“There is a strange irony in the usual salutation, ‘Merry Christmas,’ when most of the people on this planet are thrown back upon themselves for food which they do not possess, for resources that have long since been exhausted, and for vitality which has already run its course. Nevertheless, the inescapable fact remains that Christmas symbolizes hope even at a moment when hope seems utterly fantastic. The raw materials of the Christmas mood are a newborn baby, a family, friendly animals, and labor. Christmas says that life keeps coming on, keeps seeking to fulfill itself, keeps affirming the margin of hope in the presence of desolation”
That hope is not in Rome, it’s not in Herod. That hope is found in the story of a teenage mother and father and of a baby, of no room at the inn, of shepherds, of animals it’s the story of those not counted for much, of nobodies fulfilling the divine drama that would make for peace. And the angels tell us just this “Glory to God in the highest, and on earth peace, good will toward men.”
And while Christmas story tells us of God’s good intentions for our world, where everyone has value, the nobodies are lifted by God, where there is peace, where nobody needs to fear violence, we still live in a world marked by violence and not near enough peace.
So, what do we do with this Christmas story of peace on earth and goodwill to men?
The first is to treasure the Christmas story. We need stories that remind us God’s good intentions. We need stories of the powerless enacting God’s will on earth. We come back again and again to the Christmas story though it never changes because it gives us permission to dream of a world of peace and good will.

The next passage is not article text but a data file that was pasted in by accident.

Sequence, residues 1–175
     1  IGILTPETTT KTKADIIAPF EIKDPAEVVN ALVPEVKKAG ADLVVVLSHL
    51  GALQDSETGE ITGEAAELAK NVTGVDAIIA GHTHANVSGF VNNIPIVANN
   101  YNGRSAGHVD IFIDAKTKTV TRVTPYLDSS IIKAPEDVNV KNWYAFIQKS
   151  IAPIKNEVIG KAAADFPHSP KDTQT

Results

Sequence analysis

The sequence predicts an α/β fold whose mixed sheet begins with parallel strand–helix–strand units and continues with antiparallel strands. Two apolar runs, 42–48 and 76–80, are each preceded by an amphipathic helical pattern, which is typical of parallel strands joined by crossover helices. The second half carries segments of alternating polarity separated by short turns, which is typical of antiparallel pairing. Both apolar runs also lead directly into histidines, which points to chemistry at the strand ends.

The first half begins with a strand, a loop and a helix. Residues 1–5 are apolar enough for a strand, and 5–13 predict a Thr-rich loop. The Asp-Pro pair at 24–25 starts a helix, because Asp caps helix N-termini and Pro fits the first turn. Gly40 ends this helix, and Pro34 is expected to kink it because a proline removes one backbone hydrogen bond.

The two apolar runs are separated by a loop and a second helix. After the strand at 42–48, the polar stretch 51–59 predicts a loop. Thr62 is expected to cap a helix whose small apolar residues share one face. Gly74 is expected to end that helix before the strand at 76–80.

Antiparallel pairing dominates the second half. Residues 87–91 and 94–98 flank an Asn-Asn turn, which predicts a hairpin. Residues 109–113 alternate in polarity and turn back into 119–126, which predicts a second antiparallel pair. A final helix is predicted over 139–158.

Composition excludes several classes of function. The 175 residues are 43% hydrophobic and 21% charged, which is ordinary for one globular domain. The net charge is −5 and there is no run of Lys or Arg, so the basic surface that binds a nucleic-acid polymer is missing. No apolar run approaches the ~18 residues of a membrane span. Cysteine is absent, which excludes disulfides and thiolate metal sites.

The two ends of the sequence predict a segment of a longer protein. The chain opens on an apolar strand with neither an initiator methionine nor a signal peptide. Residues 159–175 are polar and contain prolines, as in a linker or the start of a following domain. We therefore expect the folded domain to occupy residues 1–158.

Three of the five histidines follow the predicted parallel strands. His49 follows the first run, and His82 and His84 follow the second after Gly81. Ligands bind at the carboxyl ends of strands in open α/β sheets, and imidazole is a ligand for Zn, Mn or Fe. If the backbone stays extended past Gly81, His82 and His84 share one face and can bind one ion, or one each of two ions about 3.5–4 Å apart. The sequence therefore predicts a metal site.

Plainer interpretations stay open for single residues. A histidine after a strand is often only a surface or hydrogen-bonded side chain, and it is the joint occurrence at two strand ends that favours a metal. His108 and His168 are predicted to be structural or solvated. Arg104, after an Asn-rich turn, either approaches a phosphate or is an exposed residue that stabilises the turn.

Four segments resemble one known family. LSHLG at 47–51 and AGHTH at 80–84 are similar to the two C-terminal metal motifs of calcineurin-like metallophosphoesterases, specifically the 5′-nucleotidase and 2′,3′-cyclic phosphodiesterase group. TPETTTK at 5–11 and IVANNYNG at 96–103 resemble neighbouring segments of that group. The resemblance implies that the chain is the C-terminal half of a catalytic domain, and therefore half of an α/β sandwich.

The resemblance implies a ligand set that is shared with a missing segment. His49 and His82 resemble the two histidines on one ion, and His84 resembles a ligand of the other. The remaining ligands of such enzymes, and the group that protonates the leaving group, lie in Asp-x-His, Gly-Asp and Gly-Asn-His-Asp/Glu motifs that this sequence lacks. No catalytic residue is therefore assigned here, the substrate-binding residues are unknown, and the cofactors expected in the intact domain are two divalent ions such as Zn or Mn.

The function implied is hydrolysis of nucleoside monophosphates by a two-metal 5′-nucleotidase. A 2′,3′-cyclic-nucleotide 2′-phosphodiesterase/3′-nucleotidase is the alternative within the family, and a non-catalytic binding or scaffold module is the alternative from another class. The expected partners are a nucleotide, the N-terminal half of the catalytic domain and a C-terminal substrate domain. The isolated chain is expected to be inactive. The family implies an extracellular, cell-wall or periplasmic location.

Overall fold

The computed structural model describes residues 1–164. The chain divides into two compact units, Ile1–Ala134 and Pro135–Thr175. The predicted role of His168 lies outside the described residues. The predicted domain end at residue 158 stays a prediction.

For lo!, the days are hastening on, By prophet bards foretold, When with the ever-circling years , Comes round the age of gold, When peace shall over all the earth, Its ancient splendors fling,, And the whole world give back the song, Which now the angels sing.
Second, we’re responsible to give back the song which now the angels sing. If we dream of peace, we give ourselves the challenge to make the world, more peaceful, more reconciled, more just. If we see the star, we must follow that star if we are to become a people of peace. That is our task
Or as Howard Thurman writes
When the song of the angels is stilled, when the star in the sky is gone, when the kings and princes are home, when the shepherds are back with their flocks, the work of Christmas begins: to find the lost, to heal the broken, to feed the hungry, to release the prisoner, to rebuild the nations, to bring peace among the people, to make music in the heart.
Third, this work is so big, for any one of us to do alone.
So, we need one another if we are to add some peace to God’s world. We need Bethlehem Lutheran; we need the sacraments and scripture and the stories like Christmas, so we are reminded of God’s good intentions. We need the connections with the ELCA and other ecumenical bodies that allows good to be done here in Billings and around the world. And we need trust in God to take our work and build something with it into the future.
As Reinhold Niebuhr writes
“Nothing that is worth doing can be achieved in our lifetime; therefore, we must be saved by hope. Nothing we do can be accomplished alone; therefore, we must be saved by love”.
May this sacred night remind us of God’s love and salvation for us and our world, as we celebrate the birth of the child, the Prince of Peace, Amen.
Dwight Welch is the campus minister at United Campus Ministry at Montana State University Billings